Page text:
The federal government released its Intergenerational Report last week which revealed Australia’s elderly population is set to grow while overall population growth declines.
The report sheds a light on the challenges of Australia’s ageing population, emphasising the need for communities to provide senior’s avenues to share their knowledge, fitness and skills.
Rotary International communications specialist Michelle Gallace recognises the importance of recognising what seniors can contribute to society.
Ms Gallace says providing seniors with opportunities to enrich communities in various ways is crucial.
“It is important we provide seniors opportunities to contribute positively to society outside the realm of paid work,” she says.
One avenue gaining a following among senior citizens is ballroom dancing.
Perth Ballroom Dancing owner Leigh Campbell champions this activity and says it’s a valuable place for seniors to maintain physical fitness and mental agility.
Mr Campbell says there’s a chance for seniors to find not only friends, but a soulmate.
“I kid you not because it has happened,” he says.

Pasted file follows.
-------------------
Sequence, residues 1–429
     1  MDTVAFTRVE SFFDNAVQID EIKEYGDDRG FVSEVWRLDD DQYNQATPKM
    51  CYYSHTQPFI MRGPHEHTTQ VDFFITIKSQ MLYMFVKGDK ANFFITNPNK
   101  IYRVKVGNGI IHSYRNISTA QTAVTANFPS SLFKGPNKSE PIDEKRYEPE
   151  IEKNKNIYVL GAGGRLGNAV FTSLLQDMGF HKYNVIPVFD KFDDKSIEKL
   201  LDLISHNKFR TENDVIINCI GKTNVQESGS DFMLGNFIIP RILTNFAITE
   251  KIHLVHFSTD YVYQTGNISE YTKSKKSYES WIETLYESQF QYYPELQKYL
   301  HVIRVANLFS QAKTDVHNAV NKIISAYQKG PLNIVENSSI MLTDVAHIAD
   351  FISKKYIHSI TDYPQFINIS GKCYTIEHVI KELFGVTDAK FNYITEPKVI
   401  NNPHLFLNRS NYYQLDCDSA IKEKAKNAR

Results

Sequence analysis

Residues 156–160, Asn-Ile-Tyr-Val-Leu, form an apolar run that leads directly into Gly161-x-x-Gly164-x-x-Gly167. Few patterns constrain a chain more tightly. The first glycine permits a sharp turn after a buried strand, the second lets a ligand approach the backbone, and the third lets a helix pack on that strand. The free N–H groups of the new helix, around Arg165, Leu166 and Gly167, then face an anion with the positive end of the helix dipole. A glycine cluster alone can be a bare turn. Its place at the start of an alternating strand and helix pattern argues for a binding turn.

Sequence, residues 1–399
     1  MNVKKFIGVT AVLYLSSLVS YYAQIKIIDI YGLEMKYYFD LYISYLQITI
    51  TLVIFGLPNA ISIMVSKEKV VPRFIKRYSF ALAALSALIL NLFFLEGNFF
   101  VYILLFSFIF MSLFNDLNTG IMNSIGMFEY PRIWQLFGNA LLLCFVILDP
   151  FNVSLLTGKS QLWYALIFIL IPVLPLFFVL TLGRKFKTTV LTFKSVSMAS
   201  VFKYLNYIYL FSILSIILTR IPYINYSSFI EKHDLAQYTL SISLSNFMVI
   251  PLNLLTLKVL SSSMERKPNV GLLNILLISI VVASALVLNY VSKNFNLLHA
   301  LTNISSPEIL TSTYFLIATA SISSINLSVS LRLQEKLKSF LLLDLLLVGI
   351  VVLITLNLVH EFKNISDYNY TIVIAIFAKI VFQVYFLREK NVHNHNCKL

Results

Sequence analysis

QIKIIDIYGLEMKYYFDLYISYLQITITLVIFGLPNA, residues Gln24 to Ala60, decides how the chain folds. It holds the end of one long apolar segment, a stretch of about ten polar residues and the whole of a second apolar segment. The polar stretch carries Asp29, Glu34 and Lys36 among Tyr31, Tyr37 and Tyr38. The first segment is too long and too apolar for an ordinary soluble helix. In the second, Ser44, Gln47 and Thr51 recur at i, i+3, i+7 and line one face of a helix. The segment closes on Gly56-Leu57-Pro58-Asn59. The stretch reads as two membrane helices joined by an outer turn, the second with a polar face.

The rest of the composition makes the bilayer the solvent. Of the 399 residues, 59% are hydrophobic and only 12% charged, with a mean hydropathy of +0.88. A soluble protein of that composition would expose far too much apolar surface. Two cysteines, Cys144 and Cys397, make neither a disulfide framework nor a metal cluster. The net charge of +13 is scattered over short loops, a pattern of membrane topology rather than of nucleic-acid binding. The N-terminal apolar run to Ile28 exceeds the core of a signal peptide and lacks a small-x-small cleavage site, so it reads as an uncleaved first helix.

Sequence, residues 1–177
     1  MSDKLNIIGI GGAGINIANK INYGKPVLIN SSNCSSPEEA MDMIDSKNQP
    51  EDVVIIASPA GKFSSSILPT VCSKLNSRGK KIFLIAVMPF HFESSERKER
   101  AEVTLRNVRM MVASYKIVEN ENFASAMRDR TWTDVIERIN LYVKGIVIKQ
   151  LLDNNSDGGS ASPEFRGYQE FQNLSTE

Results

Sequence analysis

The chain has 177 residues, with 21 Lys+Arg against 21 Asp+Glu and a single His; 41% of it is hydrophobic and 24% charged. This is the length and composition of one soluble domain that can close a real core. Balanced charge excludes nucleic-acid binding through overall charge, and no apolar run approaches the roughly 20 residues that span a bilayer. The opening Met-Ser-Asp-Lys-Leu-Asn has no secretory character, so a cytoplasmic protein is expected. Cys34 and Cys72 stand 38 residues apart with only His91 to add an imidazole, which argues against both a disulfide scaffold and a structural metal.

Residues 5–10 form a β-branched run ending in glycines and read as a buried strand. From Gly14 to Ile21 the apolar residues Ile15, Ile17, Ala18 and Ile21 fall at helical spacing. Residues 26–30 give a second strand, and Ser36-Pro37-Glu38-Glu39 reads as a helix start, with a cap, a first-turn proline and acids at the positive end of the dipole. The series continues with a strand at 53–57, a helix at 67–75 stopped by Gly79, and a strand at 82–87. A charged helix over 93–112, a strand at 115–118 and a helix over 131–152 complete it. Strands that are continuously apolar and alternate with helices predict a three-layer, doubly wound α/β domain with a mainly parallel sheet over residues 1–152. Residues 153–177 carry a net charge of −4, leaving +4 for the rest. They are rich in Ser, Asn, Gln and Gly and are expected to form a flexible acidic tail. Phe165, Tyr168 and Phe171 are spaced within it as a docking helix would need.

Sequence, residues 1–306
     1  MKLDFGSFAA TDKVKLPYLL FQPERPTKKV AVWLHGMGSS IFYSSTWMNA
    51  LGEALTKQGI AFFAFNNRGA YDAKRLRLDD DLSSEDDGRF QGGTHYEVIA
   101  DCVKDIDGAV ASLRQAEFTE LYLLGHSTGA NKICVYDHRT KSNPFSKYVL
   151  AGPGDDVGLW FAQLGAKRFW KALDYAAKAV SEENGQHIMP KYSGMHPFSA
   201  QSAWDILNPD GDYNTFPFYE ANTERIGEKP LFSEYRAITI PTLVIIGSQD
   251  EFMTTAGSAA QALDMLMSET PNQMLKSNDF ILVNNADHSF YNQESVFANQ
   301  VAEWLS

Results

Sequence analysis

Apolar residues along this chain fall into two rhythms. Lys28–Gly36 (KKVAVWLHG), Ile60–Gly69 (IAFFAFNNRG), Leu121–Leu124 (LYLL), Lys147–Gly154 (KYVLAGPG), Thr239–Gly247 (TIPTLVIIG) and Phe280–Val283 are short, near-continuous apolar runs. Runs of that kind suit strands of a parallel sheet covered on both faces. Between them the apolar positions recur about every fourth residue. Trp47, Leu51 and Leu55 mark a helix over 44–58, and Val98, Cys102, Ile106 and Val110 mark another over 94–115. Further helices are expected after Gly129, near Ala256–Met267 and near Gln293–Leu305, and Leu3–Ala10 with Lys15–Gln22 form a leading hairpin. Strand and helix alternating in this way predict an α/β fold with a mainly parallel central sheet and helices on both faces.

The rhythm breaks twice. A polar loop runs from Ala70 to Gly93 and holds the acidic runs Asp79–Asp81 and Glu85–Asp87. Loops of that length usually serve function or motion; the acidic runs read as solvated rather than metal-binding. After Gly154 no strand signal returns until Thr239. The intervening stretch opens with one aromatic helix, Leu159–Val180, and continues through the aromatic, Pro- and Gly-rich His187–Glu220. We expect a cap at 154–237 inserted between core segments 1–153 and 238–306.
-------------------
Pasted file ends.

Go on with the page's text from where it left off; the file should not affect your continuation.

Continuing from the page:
Mr Campbell says ballroom dancing has become increasingly popular amongst seniors due to the health benefits which includes enhancing coordination, endurance, strength and balance.
“Ballroom dancing is popular again, turn off the TV and get out with us and meet real people,” he says.
Seniors Anne Ward and Audrey Arnold say they prefer other ways to remaining sociable and fit.
Mrs Ward attends yoga and gym classes several times a week to ensure she staying active.
“It’s all about finding things that work for you to stay physically and mentally well,” she says.
Mrs Ward says her parents both live in aged care facilities, which has given her the push to take care of her health and remain independent.
Mrs Arnold is a member of three different walking groups.
“It’s good for not only my physical health, but mental too,” she says.
At 93 years old, Mrs Arnold says she is inspired to remain active due to her father.
Motion by the Ocean is a not-for-profit organisation aiming to provide a space for seniors to bond.
It uses charitable donations to create trishaws, encouraging volunteers to wheel seniors around the coastal areas.
Motion by the Ocean CEO and founder Alanagh Godderidge says she spends much of her time around beaches in Perth.
Mrs Godderidge says her work as a carer lead her to realise how some communal spaces can be inaccessible for some elderly folk.
“Knowing that not all people have meaningful access to this shared space stayed at the back of my mind,” she says.
Mrs Godderidge says these rides help seniors keep their collective memories alive, as many seniors felt their voices were not often heard.
“I refer to the trishaws as conversation couches, these rides often assist our passengers relive memories of yesteryear,” she says.
Mrs Arnold says she looks forward to a sweet treat during her walking group dates.
Audrey Arnold explaining the further benefits of joining a community group. Video: Lainey Smith